Bull Fighting Ring, Barcelona
We started the day by grabbing pastries and coffee from the bakery directly next door to our hotel, then catching the Hop On Hop Off bus. This open-top bus costs 28 euros for 24 hours and is the most convenient way to see a lot of Barcelona on a tight schedule. It also comes with a pretty decent audio tour, in English. We rode on the top deck and saw the old harbor, beaches, Olympic Village, a bullfighting ring, the famous Barcelona building I call “the bullet,” a modernist hospital, a Frank Gehry-designed hotel and sculpture, and a lot more.
Our destination was Park Guell, on the far edge of town. We got off the bus and walked 15 minutes to the park ticket office, only to learn that the next available tickets were for 6pm. It was noon. We hiked back, got back on the bus, and went to the other Gaudi building we wanted to see – La Padrera.
The roof of La Padrera, looking down into the center courtyard;
"storm troopers" on the left
La Padrera is an amazing apartment building that looks like melting ice cream – all curvy shapes and soft edges. Gaudi said that rooftops should be beautiful too – not just functional. So we began our tour on the roof, where he designed a series of sculptural chimneys, stairwell exits and antennae covers. Adam said they looked like storm troopers. The ones topped with broken champagne bottles are obviously based on a certain male body part. Gaudi did base all his designs on nature!
The arches on the rooftop were built to frame Gaudi’s masterpiece, the Sagrada Familia.
Arch framing La Sagrada Familia, way in the distance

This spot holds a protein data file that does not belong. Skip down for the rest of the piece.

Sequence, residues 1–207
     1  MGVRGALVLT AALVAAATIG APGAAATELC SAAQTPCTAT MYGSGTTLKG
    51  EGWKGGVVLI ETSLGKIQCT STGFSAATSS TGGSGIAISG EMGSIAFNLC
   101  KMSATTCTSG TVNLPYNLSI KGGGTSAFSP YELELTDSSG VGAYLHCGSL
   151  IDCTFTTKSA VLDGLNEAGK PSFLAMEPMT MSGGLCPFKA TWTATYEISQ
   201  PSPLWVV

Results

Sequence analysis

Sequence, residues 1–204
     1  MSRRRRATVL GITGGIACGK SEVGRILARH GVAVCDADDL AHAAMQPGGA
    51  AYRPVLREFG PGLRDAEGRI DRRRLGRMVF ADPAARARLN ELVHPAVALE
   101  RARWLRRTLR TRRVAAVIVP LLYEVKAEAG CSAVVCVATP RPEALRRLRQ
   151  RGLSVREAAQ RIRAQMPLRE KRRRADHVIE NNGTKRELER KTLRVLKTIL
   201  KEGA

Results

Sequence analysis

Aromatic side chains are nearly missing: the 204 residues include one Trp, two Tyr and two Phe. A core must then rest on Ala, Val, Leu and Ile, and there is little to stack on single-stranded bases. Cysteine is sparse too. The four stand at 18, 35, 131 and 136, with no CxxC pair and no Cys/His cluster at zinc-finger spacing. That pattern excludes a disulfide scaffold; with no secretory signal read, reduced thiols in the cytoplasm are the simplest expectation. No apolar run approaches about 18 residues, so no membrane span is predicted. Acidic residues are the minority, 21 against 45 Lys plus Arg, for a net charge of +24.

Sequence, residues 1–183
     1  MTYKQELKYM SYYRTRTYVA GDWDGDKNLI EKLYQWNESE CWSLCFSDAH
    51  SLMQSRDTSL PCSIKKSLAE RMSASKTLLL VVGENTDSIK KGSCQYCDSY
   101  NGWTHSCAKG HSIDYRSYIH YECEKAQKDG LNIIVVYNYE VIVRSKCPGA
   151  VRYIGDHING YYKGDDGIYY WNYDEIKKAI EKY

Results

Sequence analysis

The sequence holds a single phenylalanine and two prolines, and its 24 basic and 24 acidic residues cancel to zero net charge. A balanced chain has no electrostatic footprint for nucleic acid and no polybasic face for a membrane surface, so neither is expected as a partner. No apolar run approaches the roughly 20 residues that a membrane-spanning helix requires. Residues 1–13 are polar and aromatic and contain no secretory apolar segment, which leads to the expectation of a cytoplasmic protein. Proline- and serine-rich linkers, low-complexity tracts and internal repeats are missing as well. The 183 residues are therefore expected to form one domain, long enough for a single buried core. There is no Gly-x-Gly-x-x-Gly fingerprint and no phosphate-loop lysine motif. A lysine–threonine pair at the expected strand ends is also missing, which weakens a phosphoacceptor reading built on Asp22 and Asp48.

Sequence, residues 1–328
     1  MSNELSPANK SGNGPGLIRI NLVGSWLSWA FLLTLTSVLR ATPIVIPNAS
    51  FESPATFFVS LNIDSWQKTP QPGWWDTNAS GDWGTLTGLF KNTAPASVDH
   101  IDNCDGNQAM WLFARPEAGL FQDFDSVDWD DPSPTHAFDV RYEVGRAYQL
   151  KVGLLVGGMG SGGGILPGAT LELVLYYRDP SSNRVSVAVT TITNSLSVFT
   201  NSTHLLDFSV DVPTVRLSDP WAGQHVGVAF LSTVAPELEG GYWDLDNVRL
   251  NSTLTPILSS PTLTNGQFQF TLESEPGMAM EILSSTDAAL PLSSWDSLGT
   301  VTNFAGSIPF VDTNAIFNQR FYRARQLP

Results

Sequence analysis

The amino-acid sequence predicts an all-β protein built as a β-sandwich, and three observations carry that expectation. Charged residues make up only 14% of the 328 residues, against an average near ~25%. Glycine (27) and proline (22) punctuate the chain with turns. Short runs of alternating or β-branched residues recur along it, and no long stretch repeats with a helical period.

We descended the stairs and entered an actual apartment. It was huge! Way bigger than I expected. It encircled the center courtyard and took up an entire floor, so it had natural light from both sides. People still live on other floors in the building. Can you even imagine living in a Gaudi building? I mean, the guy has a commonly used word (gaudy) based entirely on his name and design style. How cool!
Next we stopped for tapas along the Passeig de Gracia, and I ordered pasta because I was tapas-ed out. We walked to the Placa de Catalunya, the huge square in the center of the city, and sat for a bit to watch pigeons and people taking selfies. Then we strolled down Ramblas, which was incredibly crowded, so we dipped into the Gothic Quarter and found a quiet square on which to enjoy some gelato.
After strolling and shopping a bit, we grabbed a cab back to Park Guell for our 6pm ticket time. Park Guell is a Gaudi-designed housing development that was started, but never finished. It is basically the grounds that were going to have houses built on site, but the houses never followed. Everything in the park is covered with broken tiles. We saw the salamander, which is the symbol of the city, and the serpent shaped bench that winds for hundreds of meters around a huge vaulted space that overlooks all of Barcelona.
The grounds also feature a grotto built entirely of stone, part of which Gaudi designed to look like you are inside the barrel of a wave. Overall, Park Guell was well worth the extra effort and cost it took to get there. We agreed we were glad we had gone.
We headed back to the hotel and vowed to hold out until 9pm to eat dinner, as that is when the restaurants start to fill up. It was still light outside when we left the hotel at 9:30. WTF Spain? We are used to darkness falling at 8:30, not 10pm. It was weird! No wonder people eat so late!
Strolling past the cathedral, just as people have done for 800 years
Cool street art, made up of thousands of tiny photos
We had dinner at 10pm at a place called Taller de Tapas, which was also very good. I had white sangria instead of red this time. We had salads, bread, cheese, meat that was cooked in a pot with chilis and garlic – it all was delicious!
Back at the hotel, we went to the rooftop one last time and said goodnight to Barcelona.
"the bullet" in the distance
Tomorrow: The road trip begins!